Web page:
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Mahatma Gandhi’s charkha gets 1,10,000 pounds at auction in UK

London, Nov 6 (): Mahatma Gandhi’s famous spinning wheel (charkha), used by him while he was in Yerawada jail in the 1920s during Quit India movement, has fetched a good sum of £110,000 ($176,550) at a U.K. auction on Tuesday with the minimum bid set at 60,000 pounds.

Also, his last will was sold for £20,000 at the auction for historical documents and artefacts by Mullock’s Auction house in Shropshire.

Mullock’s has kept over 60 of prized possessions of Gandhi for auction, including photographs, books and important documents.

Richard Westwood Brookes, the specialist of the auction house said: “The charkha is one of Gandhi’s most prized possessions as he devised the workings of it himself. It was used by him in Yerwada Jail while fighting for the rights and independence of India. It has flawless origin and is unquestionably the most important Gandhi artefact we have ever sold”.

The charkha was presented to the American Free Methodist missionary Revd Floyd A Puffer and his wife for their work in Colonial India by Gandhi. Puffer was a forerunner in Indian educational and industrial cooperatives. He invented a bamboo plow that was later adopted by Gandhi. Rev Puffer and his wife worked as missionaries close to Wardha. Gandhi visited them several times from 1934 onwards, and established his own ashram in Wardha in 1936.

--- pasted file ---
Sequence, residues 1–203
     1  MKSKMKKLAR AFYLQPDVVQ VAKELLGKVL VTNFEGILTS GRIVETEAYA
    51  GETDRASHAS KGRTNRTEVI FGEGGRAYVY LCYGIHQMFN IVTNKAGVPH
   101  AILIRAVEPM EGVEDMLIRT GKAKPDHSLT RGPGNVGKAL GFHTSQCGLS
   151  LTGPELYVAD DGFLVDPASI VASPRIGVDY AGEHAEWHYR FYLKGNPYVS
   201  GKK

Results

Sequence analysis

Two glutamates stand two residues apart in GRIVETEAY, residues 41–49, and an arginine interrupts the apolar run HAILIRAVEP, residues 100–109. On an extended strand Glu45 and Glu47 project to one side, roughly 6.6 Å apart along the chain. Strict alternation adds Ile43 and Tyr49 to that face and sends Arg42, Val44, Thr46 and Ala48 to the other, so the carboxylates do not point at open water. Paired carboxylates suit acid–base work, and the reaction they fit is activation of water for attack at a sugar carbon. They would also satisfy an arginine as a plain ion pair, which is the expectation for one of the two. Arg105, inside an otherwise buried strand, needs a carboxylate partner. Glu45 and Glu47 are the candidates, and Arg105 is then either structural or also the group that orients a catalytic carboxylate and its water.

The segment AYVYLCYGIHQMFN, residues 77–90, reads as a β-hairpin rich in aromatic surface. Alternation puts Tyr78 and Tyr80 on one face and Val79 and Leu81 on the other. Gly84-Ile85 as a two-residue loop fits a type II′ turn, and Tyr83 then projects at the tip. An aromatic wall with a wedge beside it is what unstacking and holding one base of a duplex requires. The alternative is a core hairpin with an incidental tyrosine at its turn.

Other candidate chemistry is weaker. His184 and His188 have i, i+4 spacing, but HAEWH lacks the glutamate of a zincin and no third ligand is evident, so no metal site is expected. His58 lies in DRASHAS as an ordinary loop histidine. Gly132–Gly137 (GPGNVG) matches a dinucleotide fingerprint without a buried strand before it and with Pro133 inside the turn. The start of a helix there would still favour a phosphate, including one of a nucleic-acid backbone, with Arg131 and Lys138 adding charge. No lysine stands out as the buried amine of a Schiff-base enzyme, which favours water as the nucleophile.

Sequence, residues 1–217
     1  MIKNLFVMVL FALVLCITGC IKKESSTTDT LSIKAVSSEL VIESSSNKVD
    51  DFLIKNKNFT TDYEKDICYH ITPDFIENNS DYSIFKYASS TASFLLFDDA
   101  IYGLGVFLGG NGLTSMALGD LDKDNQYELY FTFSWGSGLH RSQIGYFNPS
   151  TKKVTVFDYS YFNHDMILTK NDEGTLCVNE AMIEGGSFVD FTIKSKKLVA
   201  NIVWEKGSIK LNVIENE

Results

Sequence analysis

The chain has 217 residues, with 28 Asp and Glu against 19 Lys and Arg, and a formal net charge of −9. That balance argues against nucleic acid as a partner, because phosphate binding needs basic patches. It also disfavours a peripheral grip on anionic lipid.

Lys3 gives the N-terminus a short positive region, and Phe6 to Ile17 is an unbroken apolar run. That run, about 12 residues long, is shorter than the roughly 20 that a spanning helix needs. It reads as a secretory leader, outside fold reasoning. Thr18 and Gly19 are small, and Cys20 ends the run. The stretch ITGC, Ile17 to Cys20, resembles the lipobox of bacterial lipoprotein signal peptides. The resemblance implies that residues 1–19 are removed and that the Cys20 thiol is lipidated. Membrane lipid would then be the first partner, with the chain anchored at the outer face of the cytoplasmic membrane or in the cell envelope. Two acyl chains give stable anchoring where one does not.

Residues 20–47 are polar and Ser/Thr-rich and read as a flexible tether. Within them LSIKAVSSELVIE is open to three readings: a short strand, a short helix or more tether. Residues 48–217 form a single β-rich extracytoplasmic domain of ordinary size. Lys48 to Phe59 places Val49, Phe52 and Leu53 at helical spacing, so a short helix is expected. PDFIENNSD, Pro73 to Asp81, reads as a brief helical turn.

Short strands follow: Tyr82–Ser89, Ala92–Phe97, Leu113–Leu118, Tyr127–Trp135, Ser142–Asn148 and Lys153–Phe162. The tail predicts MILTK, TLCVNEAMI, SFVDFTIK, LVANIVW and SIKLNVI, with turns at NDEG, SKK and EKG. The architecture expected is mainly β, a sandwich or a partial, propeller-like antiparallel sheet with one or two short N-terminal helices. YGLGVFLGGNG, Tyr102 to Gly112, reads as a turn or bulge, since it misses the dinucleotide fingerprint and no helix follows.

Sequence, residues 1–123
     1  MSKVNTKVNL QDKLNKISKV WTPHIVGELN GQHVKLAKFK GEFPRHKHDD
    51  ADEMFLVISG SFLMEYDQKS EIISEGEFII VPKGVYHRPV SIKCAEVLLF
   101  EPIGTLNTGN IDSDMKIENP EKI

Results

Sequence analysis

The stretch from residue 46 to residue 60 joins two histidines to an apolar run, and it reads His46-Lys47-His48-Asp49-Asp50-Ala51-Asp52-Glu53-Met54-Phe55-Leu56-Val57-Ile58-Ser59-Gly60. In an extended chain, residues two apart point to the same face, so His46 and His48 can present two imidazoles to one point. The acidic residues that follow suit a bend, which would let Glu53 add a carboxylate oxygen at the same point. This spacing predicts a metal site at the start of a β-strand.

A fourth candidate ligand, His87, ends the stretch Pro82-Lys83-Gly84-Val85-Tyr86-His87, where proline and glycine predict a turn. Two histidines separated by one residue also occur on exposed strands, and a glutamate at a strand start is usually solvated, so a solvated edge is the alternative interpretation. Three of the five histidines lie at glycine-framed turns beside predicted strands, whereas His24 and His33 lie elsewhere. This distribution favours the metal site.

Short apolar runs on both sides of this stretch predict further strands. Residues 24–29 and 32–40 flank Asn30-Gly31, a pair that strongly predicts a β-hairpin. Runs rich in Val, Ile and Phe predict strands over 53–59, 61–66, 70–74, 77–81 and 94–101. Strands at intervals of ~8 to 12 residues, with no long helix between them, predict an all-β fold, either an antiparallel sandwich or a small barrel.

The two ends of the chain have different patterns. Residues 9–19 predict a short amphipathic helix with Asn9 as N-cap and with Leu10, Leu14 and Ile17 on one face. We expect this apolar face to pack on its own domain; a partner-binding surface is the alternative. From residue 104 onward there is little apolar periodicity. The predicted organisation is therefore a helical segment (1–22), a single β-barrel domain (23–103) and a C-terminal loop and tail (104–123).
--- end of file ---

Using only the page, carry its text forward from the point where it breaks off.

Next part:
Gandhi used charkha to challenge British colonial rule. Next to his round-rimmed glasses and loin cloth, the spinning wheel is perhaps the object most closely associated with Gandhi.

Gandhi’s final will was written in Gujarati, an Indian language, at the Sabarmati Ashram and is a highly important document which succeeds the will dated 1921 that had been sold at an earlier auction by the Mullock’s. This will delivers a historic vision into the thinking of Gandhi and his speculations for the future some five years on from his previous will.